Issue No.37 Experiences and best practices in and around MOOCs. #eLearning Papers. Open Education

Hoy traemos a este espacio el nuevo número de eLearning Papers : Issue No.37 Experiences and best practices in and around MOOCs. Open Education

Guest Editors

View user profile.Pierre-Antoine UllmoFounder and Director
View user profile.Tapio KoskinenSecretary General - EDII Secretariat

This special issue of the eLearning Papers is based on the contributions made to the EMOOCS 2014 conference jointly organized by the École Polytechnique Fédérale de Lausanne (EPFL) and P.A.U. Education. The success of this conference with more than 450 participants demonstrates that MOOCs are at the beginning of a wave and a first step towards opening up education.

Why are MOOCs innovative? They provide alternative ways for students to gain new knowledge according to a given curriculum. MOOCs can also enhance learners’ ability to think creatively to select and adapt a paradigm to solve the problem at hand. These are the main findings of a case study on the Discrete Optimization MOOC on Coursera.

Many higher education institutions are asking their staff to run high quality MOOCs in a race to gain visibility in an education market that is increasingly abundant with choice. Nevertheless, designing and running a MOOC from scratch is not an easy task and requires a high workload. Professors from Universidad Carlos III in Madrid offer a set of recommendations that will be useful to inexperienced professors. An MIT study also gives key findings on optimizing video consumption across courses.

What are the defining characteristics of a MOOC? Can we categorically differentiate a MOOC from other types of online courses? This is one of the central questions of the debate on the future of MOOCs. An UNED study proposes a quality model based on both course structure andcertification process. Most of the debate around the future of MOOCs focuses on learners’ attitudes such as attrition or a lack of satisfaction that leads to disengagement or dropout. A Stanford study shows how educational interventions targeting such risk factors can help reduce dropout rates, as long as the dropouts are predicted early and accurately enough. A French researcher shows that learners who interact on the forums and assess peer assignments are more likely to complete the course. Another Stanford study tested different approaches to measure the extent to which online learners experience a sense of community in current implementations of online courses. In a similar context, a German team of researchers studied the collaborative endeavour of planning and implementing a cMOOC.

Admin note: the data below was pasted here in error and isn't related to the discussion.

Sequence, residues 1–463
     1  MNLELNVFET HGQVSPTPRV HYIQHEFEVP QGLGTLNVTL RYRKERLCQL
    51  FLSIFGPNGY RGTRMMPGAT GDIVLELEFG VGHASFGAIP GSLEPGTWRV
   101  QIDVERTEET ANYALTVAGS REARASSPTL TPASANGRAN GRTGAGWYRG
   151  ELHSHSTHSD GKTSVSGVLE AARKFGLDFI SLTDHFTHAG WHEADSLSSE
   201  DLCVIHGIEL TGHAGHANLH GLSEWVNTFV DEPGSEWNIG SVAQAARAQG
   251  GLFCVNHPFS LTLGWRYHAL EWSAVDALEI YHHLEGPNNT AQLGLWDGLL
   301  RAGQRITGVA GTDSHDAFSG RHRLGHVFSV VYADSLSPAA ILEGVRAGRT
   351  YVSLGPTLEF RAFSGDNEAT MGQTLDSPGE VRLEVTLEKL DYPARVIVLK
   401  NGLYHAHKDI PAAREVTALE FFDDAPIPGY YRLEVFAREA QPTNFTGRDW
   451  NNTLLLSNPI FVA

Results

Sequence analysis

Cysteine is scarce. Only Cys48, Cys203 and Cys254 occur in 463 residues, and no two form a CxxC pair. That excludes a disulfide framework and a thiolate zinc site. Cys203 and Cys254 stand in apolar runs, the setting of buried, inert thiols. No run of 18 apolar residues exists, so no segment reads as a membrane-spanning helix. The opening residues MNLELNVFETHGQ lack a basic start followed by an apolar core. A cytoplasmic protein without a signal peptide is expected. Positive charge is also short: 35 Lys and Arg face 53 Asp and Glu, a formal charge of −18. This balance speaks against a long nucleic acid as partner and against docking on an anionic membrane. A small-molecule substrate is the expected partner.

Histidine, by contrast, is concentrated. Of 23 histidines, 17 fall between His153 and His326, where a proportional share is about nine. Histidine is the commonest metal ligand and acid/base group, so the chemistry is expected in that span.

One of the key elements of the discussion around MOOCs is their relevance to students in their respective cultural settings. A Leicester University researcher contemplates whether activities, tasks, assignments and/or projects can be applicable to students’ own settings; for example, giving students the freedom to choose the setting of their projects and the people with whom they work. These questions are central to making MOOCs truly accessible to all.

This issue of the eLearning Papers contributes to that body of knowledge with four in-depth research papers and six reports from the field:

Dropout Prediction in MOOCs using Learner Activity Features
Encouraging Forum Participation in Online Courses with Collectivist, Individualist and Neutral Motivational Framings
Cultural Translation in Massive Open Online Courses (MOOCs)
Characterizing Video Use in the Catalogue of MITx MOOCs

From the field
Toward a Quality Model for UNED MOOCs
The Discrete Optimization MOOC: An Exploration in Discovery-Based Learning
Designing Your First MOOC from Scratch: Recommendations After Teaching “Digital Education of the Future”
Offering cMOOCs Collaboratively: The COER13 Experience from the Convenors’ Perspective
Mathematics Courses: Fostering Individuality Through EMOOCs
Analyzing Completion Rates in the First French xMOOC

The guest editor for this issue is Pierre Antoine Ullmo, Founder and Director of P.A.U. Education. P.A.U. Education organized the EMOOCs2014 conference in partnership with the École Polytechnique Fédérale de Lausanne (EPFL).

The rest of the contributions to the Summit are available online in the EMOOCs conference proceedings. An overview of the conference, including video recordings of the keynote speakers, is also available in our blog.

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Fuente: [open education ]